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About the fontanelle

7-minute read

Key facts

  • Fontanelles are soft spots on your baby's head where the skull bones have not yet completely fused together.
  • Fontanelles are completely normal and important for brain and skull development.
  • The fontanelles should be completely closed by the time your baby is 26 months old.
  • It's safe to gently touch your baby's fontanelles.
  • If your baby's fontanelles are sunken or bulging, seek urgent medical advice.

What is a fontanelle?

If you touch the top of your baby's head you can feel a 'soft spot' in between the bones — this is a fontanelle. It is a special feature that is important for the normal growth and development of your baby's brain and skull. Your health team will check your baby's fontanelles during routine visits.

A newborn baby's skull is made up of sections of bone, known as plates, that are joined together by fibrous joints called sutures. The sutures provide some flexibility and allow your baby's head to narrow slightly as it travels through the birth canal. The sutures also enable your baby's head to grow rapidly in the first years of life.

Diagram showing the fontanelles of a baby's skull.
Illustration showing the anterior and posterior (front and back) fontanelles of a baby's skull.

There are 2 fontanelles on your baby's skull. These are the skin-covered gaps where the skull plates meet. The anterior fontanelle is at the top of your baby's head. The posterior fontanelle is located at the back of your baby's head.

When will my baby's fontanelles close?

The posterior fontanelle usually closes by the time your baby is about 2 months old. The anterior fontanelle can close any time between 4 and 26 months of age. The anterior fontanelle tends to close earlier in male than in female children.

Can I touch my baby's fontanelles?

Your doctor will touch your baby's fontanelles as part of their routine medical examination. If you run your fingers softly along your baby's head you can probably feel them. There is no need to be concerned or worried about touching your baby's fontanelles, if you are touching them gently.

What does a normal fontanelle look like?

Your baby's fontanelle should feel soft and flat. If you softly touch a fontanelle, you may at times feel a slight pulsation due to blood flow in the blood vessels around the brain — this is normal. If your baby's fontanelle changes, or feels different to how it usually does, show your doctor or midwife, as it may be the sign of a health problem.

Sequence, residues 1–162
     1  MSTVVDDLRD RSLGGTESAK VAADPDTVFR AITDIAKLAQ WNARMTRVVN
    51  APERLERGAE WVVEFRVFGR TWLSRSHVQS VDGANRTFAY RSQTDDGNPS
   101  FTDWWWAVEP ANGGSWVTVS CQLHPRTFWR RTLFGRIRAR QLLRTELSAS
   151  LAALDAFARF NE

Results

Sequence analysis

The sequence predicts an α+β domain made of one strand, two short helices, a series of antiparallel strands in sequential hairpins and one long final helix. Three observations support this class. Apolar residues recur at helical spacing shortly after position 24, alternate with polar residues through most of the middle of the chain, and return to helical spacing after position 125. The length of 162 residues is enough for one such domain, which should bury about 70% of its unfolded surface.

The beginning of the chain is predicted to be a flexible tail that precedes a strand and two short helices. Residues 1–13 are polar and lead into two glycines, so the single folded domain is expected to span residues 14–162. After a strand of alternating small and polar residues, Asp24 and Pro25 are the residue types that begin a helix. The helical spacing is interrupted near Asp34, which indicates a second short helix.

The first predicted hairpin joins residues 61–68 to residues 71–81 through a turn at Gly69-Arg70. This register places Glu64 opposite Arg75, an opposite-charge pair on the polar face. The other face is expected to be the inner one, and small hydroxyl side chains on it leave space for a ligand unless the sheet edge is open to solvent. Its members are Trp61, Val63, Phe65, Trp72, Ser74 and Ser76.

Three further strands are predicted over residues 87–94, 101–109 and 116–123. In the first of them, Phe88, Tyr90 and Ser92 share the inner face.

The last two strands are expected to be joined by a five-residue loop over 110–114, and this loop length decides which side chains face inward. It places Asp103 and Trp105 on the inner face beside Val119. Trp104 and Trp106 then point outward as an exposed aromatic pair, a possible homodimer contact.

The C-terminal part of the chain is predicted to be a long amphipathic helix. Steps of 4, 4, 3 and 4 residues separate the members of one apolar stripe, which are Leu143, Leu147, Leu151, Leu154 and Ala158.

Sunken fontanelle

If you notice that your baby's fontanelles are low or sunken, your baby may be dehydrated.

However, you will usually notice other signs of dehydration in your baby before their fontanelles becomes sunken.

Other signs of dehydration include:

Bulging fontanelle

A bulging or swollen fontanelle may indicate rare but serious conditions including:

If you think that your baby's fontanelles are bulging or sunken, seek medical advice immediately.

What if a fontanelle closes too soon?

Your baby's fontanelles may close early. This can happen for several reasons, including hyperthyroidism (high levels of the thyroid hormone) or hyperparathyroidism (high levels of parathyroid hormone).

Another cause of early fontanelle closure is a condition known as craniosynostosis. Craniosynostosis occurs when one or more of the fibrous joints (sutures) between the bone plates in a baby's skull fuse too early, before the brain has finished growing. As the brain continues to grow, it pushes on the skull from the inside but cannot expand into the closed over area. This causes the skull to have an unusual shape.

Take your baby to see their doctor or paediatrician if:

  • you think that your baby's fontanelles seem to have closed early
  • you can feel a ridge along your baby's skull
  • you think that your baby's head has an unusual shape

What if a fontanelle doesn't close?

Your baby's fontanelles may not close on time for several reasons.

Common reasons for delayed fontanelle closure include:

  • congenital hypothyroidism (low levels of thyroid hormones)
  • Down syndrome
  • increased pressure inside the brain
  • rickets
  • familial macrocephaly (a genetic tendency to have a large head)

When should I see my doctor?

If you have any concerns about your baby's fontanelles, see your doctor, child health nurse or paediatrician.

If one or both of your baby's fontanelles haves not closed by the time they are 2 years old, speak to your doctor or paediatrician.

Resources and support

The Pregnancy, Birth and Baby video call service allows you to speak face-to-face with a maternal child health nurse. Video call is a free service and is available from 7am to midnight (AET), 7 days a week (including public holidays).

Speak to a maternal child health nurse

Call Pregnancy, Birth and Baby to speak to a maternal child health nurse on 1800 882 436 or video call. Available 7am to midnight (AET), 7 days a week.

Learn more here about the development and quality assurance of healthdirect content.

Last reviewed: November 2023


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